Henry West and his wife Elizabeth lived in a house on the north side of Kew Green until Henry's death in 1784. The property they owned in copyhold is now two houses, nos. 73-75*, or no. 784 on the manorial survey and is described as part of 'five messuages, outhouses and yards about 1 rood and 14 perches'. Number 73 is now a Grade II listed dwelling (listed 1950) and consists of 'three storeys. Three windows. Parapeted brown brick front. Doorway with elliptical-arched fanlight. First floor balcony with tented canopy' (English Heritage).
After Henry's death the property transferred into the hands of his spinster daughter Sarah, who must have shared it with her mother Elizabeth and my great great great grandfather Henry. Henry junior married Henrietta in 1787 and they had one child Stephen who was probably born in the property in 1790. The house at number 77 was owned by John Dillman Engleheart who belonged to the famous dynasty of artists and he left the property to his niece Ann Engleheart; the dwelling was then let to German immigrant Frederick Albert, the father of Mrs Charlotte Papendiek assistant Keeper of the Wardrobe to the Queen. From the 1790s the house appears to have been occupied by Mrs Clementina Jokkobinn Sobeiski Schnell formerly Macdonald, who claimed to be the god-daughter of the Old Pretender.
    All these families would have watched from their windows as the carriages of visitors to Kew Gardens mounted and parked on the Green; how many times did they idly perambulate amongst the flowerbeds and trees of those famous gardens? Were they the ones that complained about Sunday parking and coaches causing ruts and destroying the grass?
    During the stay of George III and his family, the royal entourage passed along the road directly in front of the row of houses on its way to and from Kew Palace, accompanied by a troop of life guards. The Wests took this opportunity to entertain their royal neighbours. In her memoirs, Mrs Papendiek vividly recalled the parties the West family gave in their house on the ait opposite the Kew bank, entertaining the Court and no doubt the sons of George III, 'Parties came up by river too,' she wrote, 'with bands of music, to the ait opposite the Prince of Wales's House. The whole was a scene of enchantment and delight'.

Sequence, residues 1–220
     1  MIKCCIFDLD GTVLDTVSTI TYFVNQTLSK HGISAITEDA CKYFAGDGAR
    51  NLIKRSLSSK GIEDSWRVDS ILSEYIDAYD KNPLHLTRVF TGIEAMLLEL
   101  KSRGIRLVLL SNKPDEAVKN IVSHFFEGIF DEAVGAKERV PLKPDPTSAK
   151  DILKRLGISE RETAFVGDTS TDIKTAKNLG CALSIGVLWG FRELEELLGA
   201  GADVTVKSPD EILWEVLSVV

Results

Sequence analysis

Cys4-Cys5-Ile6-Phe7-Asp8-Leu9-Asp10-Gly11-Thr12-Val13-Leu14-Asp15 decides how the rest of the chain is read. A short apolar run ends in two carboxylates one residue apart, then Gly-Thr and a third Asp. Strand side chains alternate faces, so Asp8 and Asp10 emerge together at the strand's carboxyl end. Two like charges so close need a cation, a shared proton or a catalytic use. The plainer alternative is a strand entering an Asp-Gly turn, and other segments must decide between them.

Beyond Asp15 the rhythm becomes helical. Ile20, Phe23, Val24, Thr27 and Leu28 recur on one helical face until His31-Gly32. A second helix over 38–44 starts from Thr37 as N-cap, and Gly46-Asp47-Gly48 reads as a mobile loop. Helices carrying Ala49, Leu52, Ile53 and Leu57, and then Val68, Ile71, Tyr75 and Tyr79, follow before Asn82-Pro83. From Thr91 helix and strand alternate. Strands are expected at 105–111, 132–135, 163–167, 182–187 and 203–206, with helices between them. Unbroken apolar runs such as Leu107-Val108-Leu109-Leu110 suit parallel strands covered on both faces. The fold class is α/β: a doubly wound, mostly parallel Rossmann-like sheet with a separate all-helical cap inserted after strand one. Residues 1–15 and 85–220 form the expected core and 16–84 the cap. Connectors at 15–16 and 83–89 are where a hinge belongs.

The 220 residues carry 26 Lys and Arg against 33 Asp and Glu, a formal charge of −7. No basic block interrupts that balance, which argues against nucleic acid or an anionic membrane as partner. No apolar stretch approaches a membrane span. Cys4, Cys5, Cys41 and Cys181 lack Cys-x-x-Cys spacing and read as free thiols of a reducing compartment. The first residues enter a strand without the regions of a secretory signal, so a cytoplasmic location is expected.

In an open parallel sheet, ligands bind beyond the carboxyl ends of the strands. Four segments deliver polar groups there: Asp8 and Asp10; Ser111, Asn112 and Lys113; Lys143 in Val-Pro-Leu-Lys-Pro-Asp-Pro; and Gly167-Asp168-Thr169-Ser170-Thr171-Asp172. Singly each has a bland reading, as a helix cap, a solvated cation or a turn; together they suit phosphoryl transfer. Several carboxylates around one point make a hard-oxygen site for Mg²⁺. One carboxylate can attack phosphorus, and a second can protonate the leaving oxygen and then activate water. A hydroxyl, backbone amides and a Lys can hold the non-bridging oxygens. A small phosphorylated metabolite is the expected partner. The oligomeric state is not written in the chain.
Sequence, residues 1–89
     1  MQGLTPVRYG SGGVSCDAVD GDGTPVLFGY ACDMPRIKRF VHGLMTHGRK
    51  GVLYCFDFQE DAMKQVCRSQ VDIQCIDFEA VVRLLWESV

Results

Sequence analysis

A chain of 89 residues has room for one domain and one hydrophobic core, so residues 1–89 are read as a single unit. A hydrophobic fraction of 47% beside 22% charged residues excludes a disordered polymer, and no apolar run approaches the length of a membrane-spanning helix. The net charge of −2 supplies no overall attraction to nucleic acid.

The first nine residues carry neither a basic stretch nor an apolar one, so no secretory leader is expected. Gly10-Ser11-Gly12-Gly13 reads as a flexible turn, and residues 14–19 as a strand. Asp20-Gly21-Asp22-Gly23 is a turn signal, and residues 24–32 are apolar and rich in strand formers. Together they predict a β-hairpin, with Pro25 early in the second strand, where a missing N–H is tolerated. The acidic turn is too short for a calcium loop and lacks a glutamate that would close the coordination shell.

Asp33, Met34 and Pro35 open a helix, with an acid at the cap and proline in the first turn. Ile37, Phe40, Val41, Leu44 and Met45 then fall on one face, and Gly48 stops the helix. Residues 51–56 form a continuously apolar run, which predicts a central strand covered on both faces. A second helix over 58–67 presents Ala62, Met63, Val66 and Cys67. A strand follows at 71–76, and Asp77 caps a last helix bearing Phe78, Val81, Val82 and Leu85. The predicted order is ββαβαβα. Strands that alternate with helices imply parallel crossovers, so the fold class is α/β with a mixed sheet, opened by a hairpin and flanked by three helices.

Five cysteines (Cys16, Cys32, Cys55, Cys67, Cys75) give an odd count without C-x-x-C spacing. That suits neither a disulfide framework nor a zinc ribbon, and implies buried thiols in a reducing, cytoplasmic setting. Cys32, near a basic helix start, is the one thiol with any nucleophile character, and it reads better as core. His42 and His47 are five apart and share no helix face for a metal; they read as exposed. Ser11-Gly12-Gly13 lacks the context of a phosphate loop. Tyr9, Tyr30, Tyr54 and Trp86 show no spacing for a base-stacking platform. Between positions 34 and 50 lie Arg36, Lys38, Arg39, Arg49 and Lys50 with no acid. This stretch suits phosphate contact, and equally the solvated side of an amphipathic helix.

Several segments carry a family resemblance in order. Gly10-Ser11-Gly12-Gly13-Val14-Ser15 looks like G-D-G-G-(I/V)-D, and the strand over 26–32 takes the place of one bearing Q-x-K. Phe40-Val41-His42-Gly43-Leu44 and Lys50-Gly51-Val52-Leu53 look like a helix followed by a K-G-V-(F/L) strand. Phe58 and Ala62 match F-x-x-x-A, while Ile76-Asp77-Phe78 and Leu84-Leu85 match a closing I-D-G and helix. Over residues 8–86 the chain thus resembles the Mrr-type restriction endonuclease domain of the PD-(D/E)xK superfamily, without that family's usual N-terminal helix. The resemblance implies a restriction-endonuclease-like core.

With such close ties to the royal household, the families alongside the Green would have been shocked by the attempted assassination of George III by Margaret Nicholson. On 2 August 1786, the King alighted his carriage at St James's Palace and was approached by a well-dressed woman carrying a slip of paper, thinking it was a petition he took the note, but the woman lunged at the King with a dessert knife. The King was unharmed and during the days that followed, burgesses and officials throughout the land paid grateful homage, thankful for the King's escape (London Gazette, 8th August).
    On 8 August 1786, the royal family arrived at Kew to a reception from the local inhabitants. Fanny Burney, who had taken a position as Second Keeper of the Robes earlier that year, recorded the event:

"An exceeding pretty scene was exhibited to-day to their Majesties. We came, as usual on every alternate Tuesday, to Kew. The Queen's Lodge is at the end of a long meadow, surrounded with houses, which is called Kew Green; and this was quite filled with all the inhabitants of the place — the lame, old, blind, sick, and infants, who all assembled, dressed in their Sunday garb to line the sides of the roads through which their Majesties passed, attended by a band of musicians, arranged in the front, who began "God save the King!" the moment they came upon the Green, and finished it with loud huzzas.
This was a compliment at the expense of the better inhabitants, who paid the musicians themselves, and mixed in with the group, which indeed left not a soul, I am told, in any house in the place.
  This testimony of loyal satisfaction in the King's safe return, after the attempted assassination, affected the Queen to tears: nor were they shed alone; for almost everybody's flowed that witnessed the scene. The Queen, in speaking of it afterwards, said, " I shall always love little Kew for this!"